Research suggests 50 percent or more of patients with psychiatric disorders abuse some type of drugs, including alcohol. Yet there are relatively few treatment programs that address addiction and mental health disorders together, according to John Tsuang, MD, Director of the Dual Diagnosis Treatment Program at the Harbor-UCLA Medical Center.
“A lot of programs will try to treat either the mental health disorder first, or drug addiction first, but you can’t do that successfully—you have to treat both simultaneously,” said Dr. Tsuang. “A mental health clinic may say, ‘You have to sober up first before we can treat you,’ while a drug and alcohol program may say, ‘You need to get help from a psychiatric program first.’”
Dr. Tsuang, who is also a Clinical Professor at the Department of Psychiatry, Geffen School of Medicine at UCLA, spoke about patients with a dual diagnosis of addiction and mental disorders at the recent American Psychiatric Association annual meeting.
He says that in the past, researchers speculated that people who were depressed were more likely to abuse alcohol, while those who were bipolar were more likely to use amphetamines. Today, however, drug use tends to vary more with age than with the type of mental disorder a person has, he noted.
“We see patients using alcohol, marijuana, meth, cocaine, club drugs, synthetic drugs and prescription opioids,” Dr. Tsuang said. His younger patients are more likely to use marijuana, synthetic drugs or club drugs, while his older patients are more likely to use alcohol, marijuana, cocaine or speed.
He often sees teens with depression or anxiety disorder whose mental health problems are masked by drug use. In some cases, what looks like a psychiatric problem could in fact be caused by drug use, Dr. Tsuang explained. “Mental disorders can increase drug use, or drug use could precipitate mental health issues,” he added.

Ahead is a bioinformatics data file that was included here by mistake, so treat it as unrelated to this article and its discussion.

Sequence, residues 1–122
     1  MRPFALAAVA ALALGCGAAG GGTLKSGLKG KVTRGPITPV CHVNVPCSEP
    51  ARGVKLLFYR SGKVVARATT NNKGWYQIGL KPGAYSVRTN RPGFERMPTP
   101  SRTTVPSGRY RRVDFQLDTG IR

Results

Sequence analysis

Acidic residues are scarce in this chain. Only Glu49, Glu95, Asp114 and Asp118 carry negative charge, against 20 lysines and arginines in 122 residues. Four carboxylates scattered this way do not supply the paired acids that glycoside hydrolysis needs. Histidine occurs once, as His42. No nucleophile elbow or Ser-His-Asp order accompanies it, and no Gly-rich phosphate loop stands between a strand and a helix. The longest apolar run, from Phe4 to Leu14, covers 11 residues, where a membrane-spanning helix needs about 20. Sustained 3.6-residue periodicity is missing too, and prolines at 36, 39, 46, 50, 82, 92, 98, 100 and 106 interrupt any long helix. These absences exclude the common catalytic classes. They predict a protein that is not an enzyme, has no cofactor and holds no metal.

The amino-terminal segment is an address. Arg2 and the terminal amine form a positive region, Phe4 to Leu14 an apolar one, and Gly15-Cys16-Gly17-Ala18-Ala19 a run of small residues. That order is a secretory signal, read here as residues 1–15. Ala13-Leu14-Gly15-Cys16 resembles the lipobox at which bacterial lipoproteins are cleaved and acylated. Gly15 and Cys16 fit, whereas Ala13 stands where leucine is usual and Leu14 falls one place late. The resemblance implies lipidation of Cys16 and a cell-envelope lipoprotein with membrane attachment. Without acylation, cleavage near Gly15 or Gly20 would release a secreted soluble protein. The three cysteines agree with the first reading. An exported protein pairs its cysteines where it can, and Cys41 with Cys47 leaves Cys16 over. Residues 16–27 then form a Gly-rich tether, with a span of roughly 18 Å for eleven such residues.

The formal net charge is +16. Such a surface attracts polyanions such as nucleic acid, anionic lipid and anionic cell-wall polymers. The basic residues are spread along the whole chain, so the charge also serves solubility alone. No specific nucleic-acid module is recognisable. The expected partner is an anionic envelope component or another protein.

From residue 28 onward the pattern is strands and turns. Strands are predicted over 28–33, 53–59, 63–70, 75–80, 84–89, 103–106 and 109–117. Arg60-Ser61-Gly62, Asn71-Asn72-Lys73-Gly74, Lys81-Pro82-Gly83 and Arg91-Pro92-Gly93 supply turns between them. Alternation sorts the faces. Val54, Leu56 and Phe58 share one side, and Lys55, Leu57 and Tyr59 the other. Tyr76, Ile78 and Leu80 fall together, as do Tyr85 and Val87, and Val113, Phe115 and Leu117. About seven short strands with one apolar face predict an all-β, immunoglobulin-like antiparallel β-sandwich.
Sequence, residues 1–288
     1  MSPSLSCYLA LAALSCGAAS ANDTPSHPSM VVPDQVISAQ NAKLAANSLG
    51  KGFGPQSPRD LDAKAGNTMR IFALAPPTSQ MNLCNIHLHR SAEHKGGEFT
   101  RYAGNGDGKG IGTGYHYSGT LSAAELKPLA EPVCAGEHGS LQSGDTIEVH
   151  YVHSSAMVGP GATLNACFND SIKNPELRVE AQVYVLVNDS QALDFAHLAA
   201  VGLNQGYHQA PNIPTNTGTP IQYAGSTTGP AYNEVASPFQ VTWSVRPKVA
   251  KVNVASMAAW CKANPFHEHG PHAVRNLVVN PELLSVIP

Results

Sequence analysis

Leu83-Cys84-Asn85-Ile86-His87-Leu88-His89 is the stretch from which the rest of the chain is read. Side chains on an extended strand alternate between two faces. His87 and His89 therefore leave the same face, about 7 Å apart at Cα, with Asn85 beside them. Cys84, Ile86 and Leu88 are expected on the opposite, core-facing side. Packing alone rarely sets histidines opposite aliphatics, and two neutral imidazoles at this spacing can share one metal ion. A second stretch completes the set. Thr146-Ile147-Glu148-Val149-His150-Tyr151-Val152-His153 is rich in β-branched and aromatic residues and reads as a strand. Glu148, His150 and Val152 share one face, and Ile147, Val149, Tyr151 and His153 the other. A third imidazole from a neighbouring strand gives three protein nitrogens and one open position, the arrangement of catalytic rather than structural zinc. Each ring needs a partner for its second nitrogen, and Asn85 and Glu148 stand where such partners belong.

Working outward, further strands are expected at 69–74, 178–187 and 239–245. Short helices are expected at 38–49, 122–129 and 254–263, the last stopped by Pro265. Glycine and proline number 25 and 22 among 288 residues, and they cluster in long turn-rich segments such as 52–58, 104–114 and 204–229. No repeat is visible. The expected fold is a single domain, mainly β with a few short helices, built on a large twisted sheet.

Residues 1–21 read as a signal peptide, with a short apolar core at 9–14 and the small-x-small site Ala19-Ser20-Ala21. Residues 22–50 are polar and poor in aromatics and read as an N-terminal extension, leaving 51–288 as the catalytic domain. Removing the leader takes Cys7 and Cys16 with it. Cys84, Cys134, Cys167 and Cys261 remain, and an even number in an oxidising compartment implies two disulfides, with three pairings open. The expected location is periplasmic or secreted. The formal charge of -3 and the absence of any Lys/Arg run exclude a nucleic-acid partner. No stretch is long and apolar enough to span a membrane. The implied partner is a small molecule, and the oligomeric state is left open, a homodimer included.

While there are good treatment options for addiction and for mental health disorders, there is no approved medication that can be used for both, he said. That means patients struggling with both issues might not have medications that can treat both disorders. They might need to take more medications, as well as undergo different types of therapy. As a result, dual diagnosis treatment can be intense and lengthy. His program offers outpatient treatment five days a week.
Because of the complicated regimen required to treat both mental health problems and addiction, Dr. Tsuang said patients and their families should look for a doctor who is certified to treat both areas.
He urged mental health specialists to go deeper in questioning patients about their drug and alcohol use. “A lot of times patients, especially teens, will lie and say they’re not using drugs. In addition to asking the patient, doctors will need to do a urine drug test, talk to the patient’s family members and find out what friends they are hanging out with.”
No one treatment program fits all patients, Dr. Tsuang emphasized. “A lot of programs treat all patients the same. That won’t work with dual diagnosis patients,” he said. “We want doctors to be aware that these patients are difficult to treat. But if they want to get better, they can.”
Mental Health Awareness: Teen Substance Use and Mental Health Disorder